Cryptocurrency investors waited with bated breath for a US Fed policy decision that likely holds the key to whether Bitcoin can avert a massive drop last seen during the pandemic.
Cryptocurrency investors waited with bated breath for a Federal Reserve policy decision that likely holds the key to whether Bitcoin can avert a drop to levels last seen when the pandemic was raging globally.
The largest token was little changed at $19,000 as of 11:44 a.m. in Singapore on Wednesday, while other major coins like Ether, Solana and Avalanche were also steady. A drop of more than 7% in Bitcoin — something that can happen in a few seconds in digital assets — would send it back to 2020 prices.
Markets could breathe a temporary sigh of relief if the Fed raises borrowing costs by three-quarters of a percentage point again as expected and avoids becoming even more hawkish. But a bigger, one-percentage-point increase to fight inflation might heap pressure on riskier assets by imperiling liquidity.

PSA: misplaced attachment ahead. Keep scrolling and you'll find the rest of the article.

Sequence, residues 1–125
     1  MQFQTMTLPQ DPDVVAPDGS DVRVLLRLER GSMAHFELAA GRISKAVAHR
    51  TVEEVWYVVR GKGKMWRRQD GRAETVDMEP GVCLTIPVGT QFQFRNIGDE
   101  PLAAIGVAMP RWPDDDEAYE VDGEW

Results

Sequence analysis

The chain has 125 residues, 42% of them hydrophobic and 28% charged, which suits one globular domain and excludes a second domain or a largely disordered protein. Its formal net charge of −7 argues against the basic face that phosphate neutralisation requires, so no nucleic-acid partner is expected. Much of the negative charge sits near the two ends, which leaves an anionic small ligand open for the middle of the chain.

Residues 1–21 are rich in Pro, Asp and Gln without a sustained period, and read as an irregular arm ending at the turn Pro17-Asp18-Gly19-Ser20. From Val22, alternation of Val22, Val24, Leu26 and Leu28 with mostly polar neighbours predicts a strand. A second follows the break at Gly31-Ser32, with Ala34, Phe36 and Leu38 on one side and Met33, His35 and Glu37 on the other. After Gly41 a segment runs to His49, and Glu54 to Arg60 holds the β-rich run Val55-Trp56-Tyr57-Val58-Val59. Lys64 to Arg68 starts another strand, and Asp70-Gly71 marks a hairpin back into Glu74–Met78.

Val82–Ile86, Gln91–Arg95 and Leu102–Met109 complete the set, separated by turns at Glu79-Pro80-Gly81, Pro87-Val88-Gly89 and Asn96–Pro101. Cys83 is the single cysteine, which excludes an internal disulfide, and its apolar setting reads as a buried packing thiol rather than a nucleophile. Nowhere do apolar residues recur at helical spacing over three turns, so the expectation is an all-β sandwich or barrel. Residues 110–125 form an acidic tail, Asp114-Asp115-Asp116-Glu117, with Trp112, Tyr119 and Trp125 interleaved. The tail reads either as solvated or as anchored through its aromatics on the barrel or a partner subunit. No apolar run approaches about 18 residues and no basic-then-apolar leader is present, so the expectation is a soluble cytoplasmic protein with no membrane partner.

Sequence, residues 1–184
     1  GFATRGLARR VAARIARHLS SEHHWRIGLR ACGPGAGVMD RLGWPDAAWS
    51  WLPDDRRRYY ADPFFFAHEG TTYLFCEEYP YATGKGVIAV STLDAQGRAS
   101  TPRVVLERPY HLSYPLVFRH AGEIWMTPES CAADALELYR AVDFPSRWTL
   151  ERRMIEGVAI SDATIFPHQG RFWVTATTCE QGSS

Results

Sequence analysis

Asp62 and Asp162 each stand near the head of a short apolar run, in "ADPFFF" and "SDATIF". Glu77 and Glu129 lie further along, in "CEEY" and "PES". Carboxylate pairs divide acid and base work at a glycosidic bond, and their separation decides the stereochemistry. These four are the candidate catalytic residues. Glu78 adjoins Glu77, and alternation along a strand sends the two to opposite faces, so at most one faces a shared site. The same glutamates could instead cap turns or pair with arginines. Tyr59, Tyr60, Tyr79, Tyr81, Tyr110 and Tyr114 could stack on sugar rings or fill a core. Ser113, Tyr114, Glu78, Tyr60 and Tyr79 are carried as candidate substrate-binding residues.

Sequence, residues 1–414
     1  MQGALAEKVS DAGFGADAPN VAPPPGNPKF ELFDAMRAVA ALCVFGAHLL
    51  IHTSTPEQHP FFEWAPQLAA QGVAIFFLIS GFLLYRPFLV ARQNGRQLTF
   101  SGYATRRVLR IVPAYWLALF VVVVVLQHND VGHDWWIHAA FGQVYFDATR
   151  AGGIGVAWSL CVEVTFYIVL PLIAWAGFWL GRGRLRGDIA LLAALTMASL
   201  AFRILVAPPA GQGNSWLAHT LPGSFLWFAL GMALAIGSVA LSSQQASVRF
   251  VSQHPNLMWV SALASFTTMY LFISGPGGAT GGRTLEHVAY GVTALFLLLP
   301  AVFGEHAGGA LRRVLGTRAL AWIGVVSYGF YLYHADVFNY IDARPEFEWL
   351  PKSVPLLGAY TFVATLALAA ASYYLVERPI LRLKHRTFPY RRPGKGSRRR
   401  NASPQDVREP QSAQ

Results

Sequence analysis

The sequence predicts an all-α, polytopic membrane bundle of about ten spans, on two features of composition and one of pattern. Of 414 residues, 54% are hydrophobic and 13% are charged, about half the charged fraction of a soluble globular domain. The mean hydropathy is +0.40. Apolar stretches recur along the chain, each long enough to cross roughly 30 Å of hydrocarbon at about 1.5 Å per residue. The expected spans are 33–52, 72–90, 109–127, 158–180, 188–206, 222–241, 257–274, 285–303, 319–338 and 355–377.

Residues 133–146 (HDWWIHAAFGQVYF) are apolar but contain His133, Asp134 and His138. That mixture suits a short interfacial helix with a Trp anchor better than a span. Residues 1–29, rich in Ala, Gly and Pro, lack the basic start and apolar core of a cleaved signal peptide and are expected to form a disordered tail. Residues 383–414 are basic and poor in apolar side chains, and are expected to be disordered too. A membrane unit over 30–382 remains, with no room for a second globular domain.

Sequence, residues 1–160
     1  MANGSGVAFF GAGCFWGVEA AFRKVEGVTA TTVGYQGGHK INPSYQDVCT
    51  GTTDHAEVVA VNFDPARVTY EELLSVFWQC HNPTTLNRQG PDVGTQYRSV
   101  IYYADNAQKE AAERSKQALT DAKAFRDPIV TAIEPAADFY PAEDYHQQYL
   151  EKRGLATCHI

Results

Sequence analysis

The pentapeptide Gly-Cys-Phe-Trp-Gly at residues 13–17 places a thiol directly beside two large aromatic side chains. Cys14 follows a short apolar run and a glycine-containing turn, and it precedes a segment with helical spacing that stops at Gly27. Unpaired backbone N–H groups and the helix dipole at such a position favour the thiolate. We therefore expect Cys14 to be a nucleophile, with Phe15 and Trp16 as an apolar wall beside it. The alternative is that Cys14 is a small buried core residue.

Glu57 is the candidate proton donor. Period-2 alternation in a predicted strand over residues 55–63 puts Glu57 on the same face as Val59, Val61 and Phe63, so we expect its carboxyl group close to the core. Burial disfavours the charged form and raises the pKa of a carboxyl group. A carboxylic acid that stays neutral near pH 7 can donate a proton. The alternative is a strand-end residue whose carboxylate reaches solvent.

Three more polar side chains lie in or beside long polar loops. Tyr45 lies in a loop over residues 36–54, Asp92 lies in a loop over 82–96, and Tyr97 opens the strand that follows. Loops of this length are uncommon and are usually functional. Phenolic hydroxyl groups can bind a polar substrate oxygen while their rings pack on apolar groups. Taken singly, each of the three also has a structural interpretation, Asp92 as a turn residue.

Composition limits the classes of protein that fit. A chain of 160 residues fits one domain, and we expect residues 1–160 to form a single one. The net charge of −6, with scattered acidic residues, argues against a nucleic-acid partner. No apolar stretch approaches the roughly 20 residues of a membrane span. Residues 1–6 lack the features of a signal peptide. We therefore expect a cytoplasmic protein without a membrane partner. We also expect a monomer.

“If the FOMC delivers less than a 100 basis points hike, it would make sense to see a small relief rally — this could be quite large if the FOMC were to deliver less than a 75 basis points increase, although this seems highly unlikely,” said John Toro, head of trading at digital-asset exchange Independent Reserve.
The MVIS CryptoCompare Digital Assets 100 Index is down this week, taking its losses for 2022 to about 60% compared with 21% for global stocks. The correlation between equities and Bitcoin is elevated and close to a record, a sign of how assets are being tossed around by common macro factors.
“If we do end up seeing 100 basis points, we might see quite the volatility” in virtual coins following the Fed announcement, Laura Vidiella del Blanco, vice president of business development and strategy at LedgerPrime, said on Bloomberg Television.